Building on 25 years of Star Ratchet hub experience, the new DT Swiss Ratchet EXP drive system takes what was great about it, then improves on pretty much every hub metric. Lighter, stiffer, and more durable, it also has a drastically simplified layout with fewer parts. The new Ratchet EXP launches at the top-level in 180 hub, where it has already been ridden to a Cape Epic win this year, but DT expects that these improvements will make their way throughout their hub lineup…
DT Swiss Ratchet EXP introduces Star Ratchet 2.0
25 years ago DT Swiss patented their Star Ratchet freewheel engagement design with their original DT Hügi hubs, creating a generation of reliable, serviceable high performance hubs. Now that that patent has expired, we’ve been seeing more ratchet-style hubs vs. pawl hubs, so DT is upping the ante with promises of lighter weight, added stiffness, higher precision performance, longer durability, easier maintenance & simpler compatibility.
Ratchet EXP: It’s what is (or isn’t) on the inside that counts
The trick to almost all of the improvements in Ratchet EXP (the EXP is for Experience, BTW) is fewer internal parts. Everyone wants lighter weight with the same performance, so DT redeveloped the internals of their hubs to use fewer individual components. Now just 13 components make up the hub (with the freehub body also including its two pressed-in bearings).
DT has also tucked in another easy maintenance trick with the new endcaps incorporating a notch/lip design that make it easier to remove them tool free.
How did DT get rid of parts? By making the inboard ratchet & its threaded ring into a single, lighter element, one of the old conical springs also is no longer needed. That helps drop a little weight, but also results in more consistently precise placement of the new inboard ratchet. Threaded into the hubshell (with a new DT-made tool), the inner ratchet stays in place when the hub is opened up or you go to swap freehubs, making everything easier to access as well, with fewer parts falling out.
The new outboard ratchet ring is also now pushed against its opposing ratchet with a single cylindrical spring. DT says this results in faster, more complete engagement of the ratchet teeth for more precise contact, and therefore a longer lifespan.
Integrating the inner ratchet & threaded ring also allowed DT to tuck the primary driveside bearing inside the new ratchet mechanism moving the bearing about 7mm closer to the dropout. The result is a claimed 15% increase in stiffness. And while DT says hub stiffness was never a major issue for them, the extra stiffness means more precise alignment of the forces the bearing are exposed to, resulting in a significant increase in bearing durability.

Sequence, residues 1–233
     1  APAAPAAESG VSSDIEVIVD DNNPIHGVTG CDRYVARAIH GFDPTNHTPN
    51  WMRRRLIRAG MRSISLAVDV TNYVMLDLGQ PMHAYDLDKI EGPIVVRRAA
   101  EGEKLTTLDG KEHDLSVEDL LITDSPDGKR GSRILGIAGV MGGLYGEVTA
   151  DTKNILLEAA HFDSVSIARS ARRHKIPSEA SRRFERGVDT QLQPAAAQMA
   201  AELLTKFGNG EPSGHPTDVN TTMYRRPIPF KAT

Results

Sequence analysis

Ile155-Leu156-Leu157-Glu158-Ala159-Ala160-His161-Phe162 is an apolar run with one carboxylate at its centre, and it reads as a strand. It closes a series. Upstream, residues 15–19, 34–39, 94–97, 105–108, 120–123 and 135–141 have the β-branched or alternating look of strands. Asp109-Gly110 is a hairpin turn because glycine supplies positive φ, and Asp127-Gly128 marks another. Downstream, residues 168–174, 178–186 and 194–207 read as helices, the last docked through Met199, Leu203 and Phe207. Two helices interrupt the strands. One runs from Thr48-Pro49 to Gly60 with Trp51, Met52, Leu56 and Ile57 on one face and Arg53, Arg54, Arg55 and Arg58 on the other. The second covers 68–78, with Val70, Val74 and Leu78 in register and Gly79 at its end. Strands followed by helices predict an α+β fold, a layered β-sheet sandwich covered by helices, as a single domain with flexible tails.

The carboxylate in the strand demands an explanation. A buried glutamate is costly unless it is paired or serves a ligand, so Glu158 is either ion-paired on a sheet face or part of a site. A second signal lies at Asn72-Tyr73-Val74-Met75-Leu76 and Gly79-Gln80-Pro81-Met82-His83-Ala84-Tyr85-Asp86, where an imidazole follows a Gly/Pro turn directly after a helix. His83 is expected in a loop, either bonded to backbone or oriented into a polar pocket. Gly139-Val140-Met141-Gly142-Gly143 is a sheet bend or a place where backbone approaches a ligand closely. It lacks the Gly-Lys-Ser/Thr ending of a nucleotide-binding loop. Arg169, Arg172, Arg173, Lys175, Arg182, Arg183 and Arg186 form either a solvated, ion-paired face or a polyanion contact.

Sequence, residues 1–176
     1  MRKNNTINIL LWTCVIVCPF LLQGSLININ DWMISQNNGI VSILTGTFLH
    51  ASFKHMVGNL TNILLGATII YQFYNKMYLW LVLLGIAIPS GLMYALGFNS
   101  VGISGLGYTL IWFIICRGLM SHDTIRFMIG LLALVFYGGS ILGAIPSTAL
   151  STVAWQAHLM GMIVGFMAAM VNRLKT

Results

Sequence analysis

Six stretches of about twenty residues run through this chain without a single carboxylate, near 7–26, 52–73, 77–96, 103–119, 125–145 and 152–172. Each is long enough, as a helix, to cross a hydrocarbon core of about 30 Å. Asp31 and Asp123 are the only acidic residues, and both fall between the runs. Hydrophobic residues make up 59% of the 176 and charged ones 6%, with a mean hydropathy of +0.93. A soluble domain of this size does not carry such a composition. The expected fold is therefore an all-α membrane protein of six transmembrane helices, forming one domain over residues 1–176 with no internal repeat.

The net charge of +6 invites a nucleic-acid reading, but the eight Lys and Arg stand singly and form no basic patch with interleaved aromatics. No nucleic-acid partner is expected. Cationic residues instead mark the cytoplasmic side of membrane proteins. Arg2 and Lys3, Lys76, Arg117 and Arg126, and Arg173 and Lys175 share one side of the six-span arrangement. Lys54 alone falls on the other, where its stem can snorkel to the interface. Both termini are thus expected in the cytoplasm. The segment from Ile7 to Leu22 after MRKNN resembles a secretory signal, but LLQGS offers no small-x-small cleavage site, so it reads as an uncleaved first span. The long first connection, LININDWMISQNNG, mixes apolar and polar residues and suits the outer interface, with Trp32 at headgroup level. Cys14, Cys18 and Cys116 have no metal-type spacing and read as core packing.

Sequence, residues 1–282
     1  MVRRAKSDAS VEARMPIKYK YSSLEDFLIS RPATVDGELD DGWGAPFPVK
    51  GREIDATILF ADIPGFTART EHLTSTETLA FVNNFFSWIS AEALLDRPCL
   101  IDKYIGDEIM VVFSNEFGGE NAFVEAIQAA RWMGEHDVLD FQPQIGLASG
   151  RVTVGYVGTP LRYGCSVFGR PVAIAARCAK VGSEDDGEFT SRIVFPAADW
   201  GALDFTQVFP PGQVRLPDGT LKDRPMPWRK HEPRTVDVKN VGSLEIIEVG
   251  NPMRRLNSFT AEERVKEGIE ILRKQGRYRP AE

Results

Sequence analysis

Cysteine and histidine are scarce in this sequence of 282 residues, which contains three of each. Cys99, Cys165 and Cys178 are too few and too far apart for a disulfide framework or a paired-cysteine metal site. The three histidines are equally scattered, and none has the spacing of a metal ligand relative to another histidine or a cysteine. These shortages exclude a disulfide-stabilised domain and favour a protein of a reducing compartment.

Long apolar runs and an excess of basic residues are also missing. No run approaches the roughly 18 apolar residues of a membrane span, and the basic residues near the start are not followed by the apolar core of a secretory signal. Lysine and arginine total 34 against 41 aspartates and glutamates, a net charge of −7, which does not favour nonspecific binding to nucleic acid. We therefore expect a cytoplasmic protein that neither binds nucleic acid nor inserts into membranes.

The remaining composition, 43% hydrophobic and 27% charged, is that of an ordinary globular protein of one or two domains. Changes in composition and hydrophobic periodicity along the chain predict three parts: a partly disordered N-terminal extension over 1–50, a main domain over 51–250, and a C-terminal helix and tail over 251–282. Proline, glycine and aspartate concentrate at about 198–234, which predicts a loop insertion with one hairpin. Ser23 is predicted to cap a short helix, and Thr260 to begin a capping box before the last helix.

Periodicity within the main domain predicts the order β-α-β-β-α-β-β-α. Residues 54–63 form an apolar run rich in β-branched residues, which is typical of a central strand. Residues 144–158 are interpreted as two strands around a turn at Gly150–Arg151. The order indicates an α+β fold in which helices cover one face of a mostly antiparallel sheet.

As an example, DT says they hadn’t really ever supplied their top SINC ceramic bearings to their pro MTB teams, because they preferred the traditional reliability of precision steel bearings. But with these new Ratchet EXP hubs, Scott-SRAM has been racing now on the ceramic bearings and Schurter & Forster have already won the Cape Epic with the new hubs.
DT 180 hubs with Ratchet EXP options & tech details
DT Swiss’ overall concept for their hubs is to deliver high performance and durability, but never at the expense of usability. All major freehub body styles are available for the new Ratchet EXP design. While each build offers only the standard spec appropriate to the hubshell spacing & brake type, all of the new hubs can be converted to any of these six freehub bodies.
The new EXP-equipped hubs all come standard with a 36 tooth ratchet ring for 10° engagement – what DT thinks is the sweet spot for high performance. More engagement point means smaller teeth for slightly decreased long-term durability, but also measurably increased drag. With that said, the recognize that some riders would prioritize engagement over the addition drag, so 54T rings are also available separately as an upgrade.
Availability & pricing
The new Ratchet EXP engagement system is first being made available exclusively in DT’s not-cheap, top-level straight pull 180 hubs with SINC Ceramic bearings.
Rim brake hubs are offered for road bikes with traditional road spacing and QR/RWS levers. The Road front hubs sells for $380/262€ with a claimed 87g weight and 20 hole drilling. The Road rear is $706/487€, just 175g and gets 24 holes. It can be spec’ed with Shimano 11s road, SRAM XDR, or Campagnolo.
A Centerlock Road Disc brake hubset is also available with 12mm thru-axles (100 & 142mm), again for Shimano 11s, XDR, or Campy. The Road Disc front hub sells for the same $380/262€ with 92g claimed weight and 24 holes. The Road Disc rear is $706/487€, just 180g and gets 28 hole drilling.
Centerlock disc Mountain Bike hubs are also available, only with 15mm/12mm thru-axles & Boost spacing. They can be configured with traditional Shimano freehubs, the newer MicroSpline, or SRAM XD. The MTB front hub sells for $394/272€ at a claimed 94g with 28 holes. The MTB rear is $750/497€ at only 185g, again with 28 hole drilling.
All of the new 180 Ratchet EXP hubs are in production now, with consumer availability expected within the next month or so. While the new hub engagement mechanism is available now exclusively in these super premium pricepoint hubsets, DT suggested to us that they can be expected to trickle down through their hubs, replacing current ratchet hub internals with these high performing internals.